Thermophilum chaetomiumPPIC9K
Pichia Shepherds
endoglucanasectendo748 kDa3.05 IU/mg in optimal reaction condition of 55°C, pH 5.0Pretreated Wheat StrawHua et al. [43]
Thermoascus aurantiacusP. pastoris X-33native endoglucanaseReg~ 33 kDa142 IU / mgCMC in sodium citrate bufferJain et al. [44]
Pinophilus talaromycesSaccharoys cerevisiaeβ-glucosidaseBgl3B92 kDa0.56 nkat/mg
pH 4.0
enzymatic activity: 1 to 60° C.
a wheat-rye hybridTrollope et al. [45]
Aspergillus fumigatusE. coli (pET-28a)RosettaTM strainendo-1,4-β-glucanaseAfEGL752 kDa(51.98 ± 0.0069 U mg−1)Sugarcane bagasse (SEB),
Bernardi et al. [46]
Aspergillus glaucus CCHAP. Pastorals GS115endoglucanaseAgCM ase,55.0 kDa343.81 ± 2.77 μM /mg/minRice and corn strawsLi et al. [47]
Aspergillus fumigatusPichia pastoris X-33endo-1,4-β-glucanaseAf-EGL770 kDa(40–45%) after 72 and 48 hSugarcane bagasse “in natura”Bernardi et al. [48]
Penicillium verruculosum (PvBGL)P.canescens RN3–11–7).β-glucosidaseBGL190 kDa85 and 124 units /mg of protein, respectivelypNPG) p-nitrophenyl-p-Dglucopiranodes
hydrolysis of MCC
Volkov et al. [49]
Talaromyces leycettanusPichia ShepherdsTlCel5A and TlCel6ATlCel5A and TlCel6A45 kDa and 65 kDa3,905.6 U/mg vs. 109.0 U/mg in liquenae and 840.3 and 0.09 U/mg in CMC.steam-blasted corn straw (SECS), corn cob, soybean meal and wheat branGu et al. [50]
Trichoderma ReeseiP. pastoris SMD1168exoglucanaseCel6A50 kDa
750 bp
Anindyawati et al. [51]
Matsutake Tricholoma (TmEgl5A)Pichia pastoris KM71HendoglucanaseTmEgl40 kDa514 135 U /mg and 104 3 U/mggrown in barley and vermicuiteOnuma et al. [52]
Hypocrea sp. W63Pichia Shepherdsb-glucosidase (BGL)EpB-BGL76.5 kDa194.25 IU / mgp-nitrophenyl-b-D-glucoside (pNPG)
hydrolysis in sugarcane bagasse
Liang et al. [53]
Trichoderma ReeseiPichia ShepherdsendoglucanaseReEG I~ 45 kDa34.3 U/mgPulp, carboxymethylated cellulose, oat xylan, birch xylan, corn strawTao et al. [54]
Trichoderma HarzianumE. coli JM109β glucosidasecel7a2.24 ± 0.05 IU / mL - 46.66 IU. L−1. Hpretreated sugarcane bagasseDelabona et al. [55]
Aspergillus fresenii.E. coli
(by K. phaffii X33)
β-1, 4-glucosidasesBgl T235 kDabgl T2 under pH 5.0 per 1 h provides up to 60% activity.pNPG, CMC-Na, pNPC and AvicelYang et al. [56]

Table 1.

Recombinant fungal Cellulases used in the Saccharification of sugarcane bagasse.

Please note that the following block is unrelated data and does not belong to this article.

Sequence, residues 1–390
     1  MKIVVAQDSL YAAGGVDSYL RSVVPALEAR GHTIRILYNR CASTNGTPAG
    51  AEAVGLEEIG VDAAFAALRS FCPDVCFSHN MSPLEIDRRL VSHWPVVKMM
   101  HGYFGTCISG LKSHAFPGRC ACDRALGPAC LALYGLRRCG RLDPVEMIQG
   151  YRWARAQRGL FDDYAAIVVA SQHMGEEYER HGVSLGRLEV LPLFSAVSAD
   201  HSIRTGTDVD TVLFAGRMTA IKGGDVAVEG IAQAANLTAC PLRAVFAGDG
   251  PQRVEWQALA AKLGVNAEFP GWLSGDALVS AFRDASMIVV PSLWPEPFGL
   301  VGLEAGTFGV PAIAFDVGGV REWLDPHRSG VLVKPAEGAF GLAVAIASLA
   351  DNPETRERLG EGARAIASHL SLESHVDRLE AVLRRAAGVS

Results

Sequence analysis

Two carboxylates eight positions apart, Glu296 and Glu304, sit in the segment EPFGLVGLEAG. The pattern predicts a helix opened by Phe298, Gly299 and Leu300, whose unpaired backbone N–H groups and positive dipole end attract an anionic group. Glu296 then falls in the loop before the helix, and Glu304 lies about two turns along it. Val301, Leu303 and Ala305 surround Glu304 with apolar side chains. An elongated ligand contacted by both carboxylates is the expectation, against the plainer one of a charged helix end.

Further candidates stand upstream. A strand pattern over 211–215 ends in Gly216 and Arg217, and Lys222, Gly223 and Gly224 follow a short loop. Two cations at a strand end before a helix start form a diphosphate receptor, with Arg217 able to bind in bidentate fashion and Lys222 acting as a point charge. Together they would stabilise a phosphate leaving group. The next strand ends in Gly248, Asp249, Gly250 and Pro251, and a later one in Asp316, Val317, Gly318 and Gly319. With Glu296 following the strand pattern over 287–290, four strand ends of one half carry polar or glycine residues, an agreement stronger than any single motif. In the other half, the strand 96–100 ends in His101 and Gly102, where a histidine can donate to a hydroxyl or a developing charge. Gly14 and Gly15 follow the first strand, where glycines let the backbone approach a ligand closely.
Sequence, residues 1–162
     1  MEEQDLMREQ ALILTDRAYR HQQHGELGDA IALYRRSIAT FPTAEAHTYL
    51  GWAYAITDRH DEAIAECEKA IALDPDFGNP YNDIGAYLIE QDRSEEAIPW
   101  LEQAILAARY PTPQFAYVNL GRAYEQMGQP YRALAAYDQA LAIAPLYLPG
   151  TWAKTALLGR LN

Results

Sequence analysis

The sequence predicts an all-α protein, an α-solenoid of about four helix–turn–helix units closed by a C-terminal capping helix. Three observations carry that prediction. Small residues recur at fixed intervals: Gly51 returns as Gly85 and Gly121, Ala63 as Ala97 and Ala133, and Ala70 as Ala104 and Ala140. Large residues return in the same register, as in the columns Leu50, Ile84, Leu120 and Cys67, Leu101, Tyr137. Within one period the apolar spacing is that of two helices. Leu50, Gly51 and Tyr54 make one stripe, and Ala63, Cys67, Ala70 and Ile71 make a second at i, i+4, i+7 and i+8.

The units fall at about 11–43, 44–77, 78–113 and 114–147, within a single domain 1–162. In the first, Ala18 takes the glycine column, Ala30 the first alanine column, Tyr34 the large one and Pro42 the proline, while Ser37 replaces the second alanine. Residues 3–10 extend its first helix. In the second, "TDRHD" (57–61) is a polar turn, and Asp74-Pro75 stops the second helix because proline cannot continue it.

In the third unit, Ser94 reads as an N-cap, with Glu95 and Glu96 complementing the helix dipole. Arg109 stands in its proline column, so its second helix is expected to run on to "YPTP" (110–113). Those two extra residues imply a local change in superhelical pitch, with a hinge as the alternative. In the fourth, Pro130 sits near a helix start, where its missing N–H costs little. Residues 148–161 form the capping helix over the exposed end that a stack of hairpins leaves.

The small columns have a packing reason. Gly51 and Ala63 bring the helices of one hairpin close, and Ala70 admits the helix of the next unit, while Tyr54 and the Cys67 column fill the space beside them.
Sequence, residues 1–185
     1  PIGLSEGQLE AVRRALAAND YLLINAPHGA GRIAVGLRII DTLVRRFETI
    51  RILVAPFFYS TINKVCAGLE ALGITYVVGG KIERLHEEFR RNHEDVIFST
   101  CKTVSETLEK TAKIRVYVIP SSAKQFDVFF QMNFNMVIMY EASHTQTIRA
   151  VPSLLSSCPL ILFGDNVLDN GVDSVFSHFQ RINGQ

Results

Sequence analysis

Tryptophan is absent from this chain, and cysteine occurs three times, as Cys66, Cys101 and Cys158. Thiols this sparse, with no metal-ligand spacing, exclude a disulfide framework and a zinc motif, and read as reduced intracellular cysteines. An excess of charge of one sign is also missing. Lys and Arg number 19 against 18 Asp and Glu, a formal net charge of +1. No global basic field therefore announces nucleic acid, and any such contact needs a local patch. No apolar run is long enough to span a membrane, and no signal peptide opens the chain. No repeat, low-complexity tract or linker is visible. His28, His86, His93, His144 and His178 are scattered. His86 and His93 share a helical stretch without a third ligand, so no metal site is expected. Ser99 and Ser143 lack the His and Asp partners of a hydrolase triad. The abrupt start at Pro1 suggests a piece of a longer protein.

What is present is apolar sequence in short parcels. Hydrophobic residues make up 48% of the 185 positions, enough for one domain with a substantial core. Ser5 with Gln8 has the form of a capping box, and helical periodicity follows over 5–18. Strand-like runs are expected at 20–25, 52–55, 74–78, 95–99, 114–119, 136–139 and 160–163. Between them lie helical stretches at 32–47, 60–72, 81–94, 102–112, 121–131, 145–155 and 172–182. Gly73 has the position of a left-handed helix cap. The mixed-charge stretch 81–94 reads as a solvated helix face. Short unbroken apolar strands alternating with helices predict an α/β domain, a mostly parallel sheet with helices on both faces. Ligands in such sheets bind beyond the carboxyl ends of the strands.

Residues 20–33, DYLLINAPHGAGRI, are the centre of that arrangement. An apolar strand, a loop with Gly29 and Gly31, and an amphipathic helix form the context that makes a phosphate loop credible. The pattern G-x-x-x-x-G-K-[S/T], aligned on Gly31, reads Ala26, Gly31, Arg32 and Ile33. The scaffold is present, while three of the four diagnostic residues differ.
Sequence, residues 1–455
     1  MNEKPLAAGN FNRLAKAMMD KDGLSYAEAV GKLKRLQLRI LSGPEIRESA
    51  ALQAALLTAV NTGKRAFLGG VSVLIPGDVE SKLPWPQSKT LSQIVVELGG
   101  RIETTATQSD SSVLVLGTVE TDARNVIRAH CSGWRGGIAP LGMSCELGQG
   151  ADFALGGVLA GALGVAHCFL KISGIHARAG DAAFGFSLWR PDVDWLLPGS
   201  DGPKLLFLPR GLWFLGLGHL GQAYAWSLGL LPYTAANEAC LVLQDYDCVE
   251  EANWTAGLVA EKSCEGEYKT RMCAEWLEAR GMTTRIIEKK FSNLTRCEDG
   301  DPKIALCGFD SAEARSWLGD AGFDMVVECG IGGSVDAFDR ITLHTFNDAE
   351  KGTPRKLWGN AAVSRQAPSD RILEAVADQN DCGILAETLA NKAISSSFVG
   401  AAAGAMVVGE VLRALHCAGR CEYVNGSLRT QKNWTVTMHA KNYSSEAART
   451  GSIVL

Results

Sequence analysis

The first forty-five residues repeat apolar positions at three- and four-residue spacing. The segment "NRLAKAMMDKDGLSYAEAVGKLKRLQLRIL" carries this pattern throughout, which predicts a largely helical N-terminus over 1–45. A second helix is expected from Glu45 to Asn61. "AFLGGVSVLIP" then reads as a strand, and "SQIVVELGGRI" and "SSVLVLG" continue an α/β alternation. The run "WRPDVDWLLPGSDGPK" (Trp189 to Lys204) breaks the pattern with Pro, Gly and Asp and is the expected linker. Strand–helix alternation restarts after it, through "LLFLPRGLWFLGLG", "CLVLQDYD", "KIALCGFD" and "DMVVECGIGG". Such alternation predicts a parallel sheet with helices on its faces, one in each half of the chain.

The Fungus Trichoderma virens ZY-01 expressed an endoglucanase cloned in a vector of expression pET-32-EG, being successfully elaborated, and expressed, in a heterologous way, in Escherichia coli and the target protein presented a weight of 39 kDa by electrophoresis SDS-PAGE [36].

A. fumigatus gene encoding endo-1,4-β-glucanase (Afu6g01800), studied by Bernardi et al. [46], was cloned in the vector pET-28a (+) and expressed in the strain of E. coli Rosetta ™ (DE3). The research results showed that the afegl7 enzyme belonged to the GH7 family, in which the Af-egl7 gene encodes the protein comprising 460 amino acids with a CBM1 domain in the 424–460 residues and molecular mass of 52 kDa.

RNA-Seq of β-glucosidase and genomic data are instruments that can be used to express T. harzianum genes for the deterioration of lignocellulosic biomass. The target gene of the recombinant protein (rThBgl) cloned and expressed heterological in Escherichia coli Rosetta was purified with high yields. The results showed a significant increase in the activity of β-glicosidase and in the filter paper cellulase (FPA). The cellulase produced by the transformers reached higher hydrolysis yield, with less enzymatic load during the saccharification of pretreated corn straw [41].

Delabona et al. [55] reported that Trichoderma harzianum overexpressed the methyltransferase of the global regulator - LAE1, in order to improve the production of cellulases, considering that the evaluation of the impact of LAE1 to induce cellulases made use of soluble carbon sources and lignocellulose and low cost in an agitated bioreactor. Using sugarcane bagasse with sucrose, the overexpression of lae1 culminated in a significant increase in the expression of the gh61b (31x), cel7a (25x), bgl1 (20x) and xyn3 (20x) genes. As a result, reduction of sugar released from the pretreated sugarcane bagasse, hydrolyzed by the recombinant crude enzymatic cocktail, obtained 41% cloned improvement through plasmid in Escherichia coli.

Two new genes of the β-glucosidases of Aspergillus niger 321 were successfully cloned in the pGEM-T vector [37]. Aspergillus fresenii (JCM 01963) Escherichia coli TOP 10 and K. phaffii X-33 (Invitrogen, USA) were used as host strains. The bgl T2-opt gene was synthesized according to the K. phaffii codon trend and constructed in the (pPICZαA vector Invitrogen, USA) with the sites of the restriction enzymes EcoRI and XbaI. This article effectively discovered a new β-1,4-glucosidase bgl T2 and its Aspergillus fresenii ORF, under the help of high-yield sequencing of the mRNA technique. Such a method is more convenient than the traditional of obtaining a new enzyme and its genetic information, as deluded in the discussion section. The bgl T2 gene was expressed by K. phaffii X33. The properties of bgl T2 were tested, including pH and temperature optimums for catalysis, pH tolerance, thermostability, effects of unusual chemicals and kinetic properties against pNPG [56].

The gene of M. thermophila coding for endoglucanase (EG) was isolated from fungal genomic DNA and then cloned and amplified in E. coli strains and, finally, expressed heterologic in P. pastoris and two basic strategies were followed for the production of EG. These strategies include controlling proteolysis through low temperature and adding numerous amino acid supplements to the culture medium. The enzyme presented high thermostability and was able to hydrolyze several natural substrates, cellobiose as the main product, characteristics that reflect its potential use in different biotechnological applications [38].